Uncanny Coincidence or Deliberate Intent?

Now if it turns out that this tunnel connects with the rest of the tunnel complex that may be accessed from Baia, then what does any of this have to do with a tiny Roman bath at Le Piccole Terme? Something else is surely going on, isn’t it?

Divided Opinions

The next step must surely to be have another look at the Dividing of the Ways. The wall opposite the one that leads to the Inner Sanctuary.

Nothing much suggested to date has made any sense of the twin tunnels at the Dividing of the Ways. If, as the mythological story tells us, a choice is made on exiting, either to the Elysian Fields via the Elysian Portal, or back to earthly realms through the way we came in, then the routing is well defined and an exit direction could easily be forced.

Doc Paget suggested that a door was here. The swing door idea doesn’t have much traction, physically or mentally. But someone standing in the way could force a direction out, or could simply hold something up as a barrier. North 120 provides a perfect place for those orchestrating proceedings to reside, as necessary. They can use the slot behind the Roman tiles to feed sounds, smells and obscuring smoke to the drama. 

No matter what, all this is a simple steam channel for a tiny Roman bath a long way away. Isn’t it?

What are the chances of finding another tunnel here? It would seem a fair bet. Ground penetrating radar would give a very rapid answer to the question, in a non-invasive way.

A tunnel was once on the left?

Close observation indicates some kind of junction modification, as indicated by the red lines. The wall here has an anomalous and awkward shape on the left of this picture which would support the idea that there is a blocked tunnel entrance at this point. Elsewhere the walls are well defined and consistent in appearance. 

The junction to the Elysian Portal?
The junction leading to the Elysian Portal is on the left
A possible junction leading to the Elysian Portal is on the right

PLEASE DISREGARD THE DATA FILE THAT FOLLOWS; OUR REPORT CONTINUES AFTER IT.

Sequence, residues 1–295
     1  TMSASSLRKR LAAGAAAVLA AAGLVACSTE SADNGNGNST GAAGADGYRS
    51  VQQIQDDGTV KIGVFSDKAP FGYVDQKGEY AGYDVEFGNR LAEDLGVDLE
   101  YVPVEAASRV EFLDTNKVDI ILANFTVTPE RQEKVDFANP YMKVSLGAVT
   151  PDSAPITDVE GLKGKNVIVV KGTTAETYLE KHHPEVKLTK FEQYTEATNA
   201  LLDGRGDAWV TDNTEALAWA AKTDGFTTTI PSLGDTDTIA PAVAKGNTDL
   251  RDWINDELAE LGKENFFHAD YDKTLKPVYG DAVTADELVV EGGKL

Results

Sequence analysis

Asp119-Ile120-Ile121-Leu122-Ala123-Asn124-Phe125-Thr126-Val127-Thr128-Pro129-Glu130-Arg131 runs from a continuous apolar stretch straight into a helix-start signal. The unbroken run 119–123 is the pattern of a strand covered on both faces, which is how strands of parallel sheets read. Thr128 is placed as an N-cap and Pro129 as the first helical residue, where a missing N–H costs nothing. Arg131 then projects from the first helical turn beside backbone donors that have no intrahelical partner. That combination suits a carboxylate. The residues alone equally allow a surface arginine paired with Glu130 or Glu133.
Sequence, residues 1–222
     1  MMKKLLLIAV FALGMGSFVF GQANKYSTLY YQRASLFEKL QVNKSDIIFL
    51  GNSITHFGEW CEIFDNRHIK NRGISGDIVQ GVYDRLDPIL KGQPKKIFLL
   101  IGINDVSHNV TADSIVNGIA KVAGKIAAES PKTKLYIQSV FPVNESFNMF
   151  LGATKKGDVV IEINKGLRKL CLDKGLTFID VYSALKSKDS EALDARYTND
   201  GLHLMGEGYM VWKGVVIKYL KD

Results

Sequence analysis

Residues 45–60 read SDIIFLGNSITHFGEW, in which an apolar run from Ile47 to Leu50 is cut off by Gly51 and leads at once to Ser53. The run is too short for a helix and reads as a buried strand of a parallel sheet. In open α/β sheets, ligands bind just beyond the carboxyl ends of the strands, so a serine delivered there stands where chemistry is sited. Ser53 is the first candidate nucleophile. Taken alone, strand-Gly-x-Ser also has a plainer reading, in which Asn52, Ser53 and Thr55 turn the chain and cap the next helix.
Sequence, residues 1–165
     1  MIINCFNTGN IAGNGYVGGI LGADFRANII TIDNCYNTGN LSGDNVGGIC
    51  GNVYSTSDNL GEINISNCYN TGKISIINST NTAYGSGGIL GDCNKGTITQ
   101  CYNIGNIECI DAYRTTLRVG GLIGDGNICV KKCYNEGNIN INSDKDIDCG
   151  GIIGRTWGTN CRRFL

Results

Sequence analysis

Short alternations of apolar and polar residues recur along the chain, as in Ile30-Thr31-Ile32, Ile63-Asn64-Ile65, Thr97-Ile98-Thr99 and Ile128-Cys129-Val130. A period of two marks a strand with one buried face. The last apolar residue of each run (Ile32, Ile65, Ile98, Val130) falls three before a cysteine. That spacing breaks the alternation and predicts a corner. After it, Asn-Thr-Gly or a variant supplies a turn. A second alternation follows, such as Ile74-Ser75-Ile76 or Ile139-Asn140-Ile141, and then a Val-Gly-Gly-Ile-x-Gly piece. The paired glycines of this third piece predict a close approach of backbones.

The junction leading to the Elysian Portal is on the right
Compelling Evidence?

Close up views of both the left and the right sides of the wall here show signs of modification on the floor. There has surely been some adaptation here. It is hoped that future exploration of this area will reveal its secrets.

This Post Has 2 Comments

  1. Vlad V

    This is goosebump-enducing! I’ve a question though: has it been checked that the Elysian tunnel is at the exact same depth as the dividing of the ways? What about the other tunnel, the one perpendicular to the Elysian tunnel? If we assume there is a tunnel behind that bricked archway, and of we assume it goes in a straight line, where would it emerge from the cliff face? What is there?

    1. Persephone Hades

      No official research at all has been made into the Elysian Portal tunnel. Informal permission from the landowner for a brief non-invasive investigation was obtained in 2013, or perhaps it was 2014. Some of the local archaeologists are aware of the tunnel and I thank local archaeologists Ivana Guidone and Gervasio Iliano for their interest. The Superintendency of Antiquities for Campania is under huge financial pressure, having to maintain and manage existing sites, such as Pompeii. Much work undertaken is voluntary and unpaid.

      As for the where the bricked archway leads to, it’s uncertain. There are a number of openings visible on the Baia side of the volcanic cliff, on an upper terrace not accessible to the public. Permission was granted for investigation in 2014 and at that time I received rare photographs from this area. You remind me that I should create a web page documenting the features of the upper terrace. In addition there is the blocked tunnel that is accessed from the north side of Sosandra to consider. I myself ventured down this tunnel from the central Triplet room, which is not currently off-limits to the public. So much more remains to be discovered at the site at Baia and some of what is known has been covered up and since hidden, to the extent that those currently responsible for the site do not even know of its existence.